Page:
3 Steps to Stress-Free Rebates

Do you do rebates?  I've done a few this past year.  The process is sometimes tolerable, other times it's a complete beating.  For example, right now I dealing with a Dish Network (via Dish Pronto) reward rebate that I signed up for last April.  I'm supposed to be getting a “companion free airline ticket” in the mail in 12 business days or less.  I'm not holding my breath though.  I've mailed vouchers and statements more than once, been on the phone several times with them, and still have no rebate.  I've had some successful rebates this past year though.  Two of the biggest:

  • $100 back for a printer purchased along with my Mac Book Pro (effectively making the printer free)
  • $250 from Bank of America's Best Value Guarantee

What's so bad about typical rebates is that you don't get the rebate at the time of purchase.  You've got to mail a bunch of stuff in and pay close attention to the fine print.  For most people this ends up being too much work.  Also, the whole rebate process is usually outsourced by a company other than they one you bought from.  You end up dealing with a shady someone from who knows where who's interest, it seems, is NOT to give you your money.

So, what's a frugal guy or gal to do?  To stop you from sounding like a grumpy old man like me, I've put together some steps you can take to avoid the stress of doing rebates:

#1 – Don't Do Rebates

If the rebate isn't worth it, don't do it.  Some rebates aren't worth the hassle.  Mail-in rebates less than $10 fall into this category for me.  In addition, if you really don't want to deal with the stress, simply avoid them all together and don't buy products that have rebates.  But then again, you wouldn't be very frugal if you avoided big savings would you?

#2 – Do Some Research Ahead of Time

Before making your purchase, read the rebate information carefully and make sure it's something you think you'll be able to complete without too much trouble.  If it looks like too many hoops to jump through, then maybe the deal isn't for you.  Secondly, if you're considering buying something with a rebate, odds are someone else has too.  Do a quick search online for any complaints about the rebate or any negative information about the company you are buying from.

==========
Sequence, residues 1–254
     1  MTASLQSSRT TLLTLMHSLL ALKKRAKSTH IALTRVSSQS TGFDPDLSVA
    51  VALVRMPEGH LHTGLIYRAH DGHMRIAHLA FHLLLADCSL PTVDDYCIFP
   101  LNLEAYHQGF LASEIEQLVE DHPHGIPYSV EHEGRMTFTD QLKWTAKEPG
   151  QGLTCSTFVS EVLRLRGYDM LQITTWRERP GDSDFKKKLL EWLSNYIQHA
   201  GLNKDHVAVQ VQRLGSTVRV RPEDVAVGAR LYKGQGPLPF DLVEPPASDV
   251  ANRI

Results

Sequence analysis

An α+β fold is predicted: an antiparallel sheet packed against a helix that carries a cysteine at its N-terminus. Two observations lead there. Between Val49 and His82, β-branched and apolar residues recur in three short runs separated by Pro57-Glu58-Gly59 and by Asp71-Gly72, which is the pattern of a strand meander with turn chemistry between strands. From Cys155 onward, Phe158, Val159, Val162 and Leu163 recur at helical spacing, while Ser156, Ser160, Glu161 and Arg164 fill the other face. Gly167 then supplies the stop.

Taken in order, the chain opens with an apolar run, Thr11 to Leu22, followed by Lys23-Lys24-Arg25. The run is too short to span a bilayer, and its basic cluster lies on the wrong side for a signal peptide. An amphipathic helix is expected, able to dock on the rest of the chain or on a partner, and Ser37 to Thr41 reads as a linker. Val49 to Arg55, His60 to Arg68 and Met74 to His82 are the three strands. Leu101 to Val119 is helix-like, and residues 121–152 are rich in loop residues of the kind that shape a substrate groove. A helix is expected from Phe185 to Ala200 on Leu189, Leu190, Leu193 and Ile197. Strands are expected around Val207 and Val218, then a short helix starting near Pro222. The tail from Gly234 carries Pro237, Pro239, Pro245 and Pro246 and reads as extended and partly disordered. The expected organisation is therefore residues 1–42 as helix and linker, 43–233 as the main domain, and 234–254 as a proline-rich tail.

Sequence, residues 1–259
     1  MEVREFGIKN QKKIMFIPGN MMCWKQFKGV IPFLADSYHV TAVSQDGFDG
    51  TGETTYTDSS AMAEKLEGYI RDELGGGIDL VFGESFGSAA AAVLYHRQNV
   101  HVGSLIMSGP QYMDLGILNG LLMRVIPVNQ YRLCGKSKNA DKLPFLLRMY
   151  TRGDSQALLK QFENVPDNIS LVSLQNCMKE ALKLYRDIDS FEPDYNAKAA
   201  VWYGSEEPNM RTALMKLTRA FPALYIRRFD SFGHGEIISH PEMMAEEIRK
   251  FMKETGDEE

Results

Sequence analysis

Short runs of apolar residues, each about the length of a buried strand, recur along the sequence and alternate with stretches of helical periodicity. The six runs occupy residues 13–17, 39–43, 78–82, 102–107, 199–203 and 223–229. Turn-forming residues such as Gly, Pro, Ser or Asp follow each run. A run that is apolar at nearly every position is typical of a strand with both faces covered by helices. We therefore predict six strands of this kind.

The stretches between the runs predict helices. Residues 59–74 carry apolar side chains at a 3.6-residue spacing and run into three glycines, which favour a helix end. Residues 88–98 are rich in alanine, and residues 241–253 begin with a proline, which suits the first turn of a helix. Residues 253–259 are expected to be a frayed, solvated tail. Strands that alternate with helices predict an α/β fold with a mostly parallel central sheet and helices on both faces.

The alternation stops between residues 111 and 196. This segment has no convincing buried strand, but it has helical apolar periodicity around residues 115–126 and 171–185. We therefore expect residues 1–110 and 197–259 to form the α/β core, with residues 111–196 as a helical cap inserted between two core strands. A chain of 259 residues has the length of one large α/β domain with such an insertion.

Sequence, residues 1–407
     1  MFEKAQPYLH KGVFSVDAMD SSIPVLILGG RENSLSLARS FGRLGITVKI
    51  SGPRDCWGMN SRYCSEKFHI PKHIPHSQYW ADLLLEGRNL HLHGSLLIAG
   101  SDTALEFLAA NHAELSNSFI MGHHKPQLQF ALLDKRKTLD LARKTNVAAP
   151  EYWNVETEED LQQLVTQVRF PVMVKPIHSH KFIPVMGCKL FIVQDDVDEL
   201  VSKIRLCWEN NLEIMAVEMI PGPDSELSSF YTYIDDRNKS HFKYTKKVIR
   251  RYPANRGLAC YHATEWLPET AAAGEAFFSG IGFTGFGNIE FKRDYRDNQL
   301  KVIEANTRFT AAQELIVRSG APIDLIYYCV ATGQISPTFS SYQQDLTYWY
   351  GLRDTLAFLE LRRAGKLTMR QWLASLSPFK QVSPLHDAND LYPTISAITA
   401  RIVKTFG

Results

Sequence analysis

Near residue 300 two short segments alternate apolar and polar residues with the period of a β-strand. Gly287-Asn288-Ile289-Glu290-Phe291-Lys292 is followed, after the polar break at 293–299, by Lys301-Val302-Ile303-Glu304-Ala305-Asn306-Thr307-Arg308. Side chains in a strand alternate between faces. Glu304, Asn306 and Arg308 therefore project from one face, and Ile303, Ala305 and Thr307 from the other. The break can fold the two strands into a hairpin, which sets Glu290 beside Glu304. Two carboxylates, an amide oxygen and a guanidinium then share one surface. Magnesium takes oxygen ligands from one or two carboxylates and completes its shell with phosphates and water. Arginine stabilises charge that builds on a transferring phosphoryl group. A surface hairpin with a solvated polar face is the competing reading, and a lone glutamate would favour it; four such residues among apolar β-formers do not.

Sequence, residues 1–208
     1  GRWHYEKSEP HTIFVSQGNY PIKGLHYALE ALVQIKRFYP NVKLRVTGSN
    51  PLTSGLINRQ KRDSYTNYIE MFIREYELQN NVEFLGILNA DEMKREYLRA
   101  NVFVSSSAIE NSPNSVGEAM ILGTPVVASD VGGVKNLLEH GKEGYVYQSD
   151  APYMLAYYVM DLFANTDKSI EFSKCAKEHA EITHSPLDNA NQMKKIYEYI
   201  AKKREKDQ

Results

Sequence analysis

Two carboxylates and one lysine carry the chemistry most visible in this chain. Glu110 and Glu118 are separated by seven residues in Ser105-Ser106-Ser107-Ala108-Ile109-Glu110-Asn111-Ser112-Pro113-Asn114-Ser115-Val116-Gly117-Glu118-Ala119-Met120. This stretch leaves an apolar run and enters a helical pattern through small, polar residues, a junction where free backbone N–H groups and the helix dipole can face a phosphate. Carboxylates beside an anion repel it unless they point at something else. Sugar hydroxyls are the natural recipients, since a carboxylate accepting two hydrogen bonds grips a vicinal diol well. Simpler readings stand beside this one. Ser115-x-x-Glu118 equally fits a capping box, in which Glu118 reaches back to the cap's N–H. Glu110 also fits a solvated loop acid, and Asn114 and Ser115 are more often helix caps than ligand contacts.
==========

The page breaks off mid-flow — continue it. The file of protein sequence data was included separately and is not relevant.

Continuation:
#3 – Get Organized

Finally, if you've researched your rebate and your ready to pull the trigger then I suggest you do these things to make sure it's done right:

  • Complete the rebate form and send it in immediately
  • Make copies of everything you mail in (even the envelope) and/or consider scanning them into your computer
  • Mail it certified, return receipt requested
  • Set up a reminder in your calendar for when the rebate should arrive
  • If you call them, take detailed notes of conversations (included dates and names of Reps)
  • If you are doing more than one at a time consider using a spreadsheet to track your rebates

Hopefully taking those three steps into account you'll be able to avoid some of the typical stress involved with rebates.  What's the biggest rebate check you've ever received?  Leave your comments below.

Other info on rebates from around the web:

One Frugal Girl
Consumer Affairs
Free Money Finance
The Digerati Life

Join 38,500 subscribers improving their financial life.

Subscribe for free. Get my book (31 Days to Improve Your Financial Life), intro series, and article digest.

Powered by ConvertKit
Last Edited: May 25, 2017 @ 6:11 pm
About Philip Taylor

Philip Taylor, aka "PT", is a former practicing CPA, blogger, podcaster, husband, and father of three. PT is also the founder and CEO of FinCon, the conference and community dedicated to helping other financial influencers and brands. He created this website back in 2007 to share his thoughts on money, hold himself accountable, and to meet others passionate about moving toward financial independence.

PT uses Personal Capital to keep track of his financial life. This free software allows him to review his net worth regularly, analyze his investments, and make decisions about his financial future.

PT keeps a portion of his emergency fund in Betterment, the automatic investing tool that makes investing super simple. Betterment focuses on what matters most: savings rate, time in the market, investing costs, and taxes. PT recommends this service to anyone looking to get started investing for themselves.

All the content on this blog is original and created or edited by PT.

Comments

  1. @ DL – I agree. Such a pain to deal with these companies.

  2. AAArgh. I hate rebates! 🙂 You just reminded me I have some outstanding ones I need to work on and it makes me bristle because I hate dealing with this pain in the you-know-what! Anyway, great post! Your points are spot on.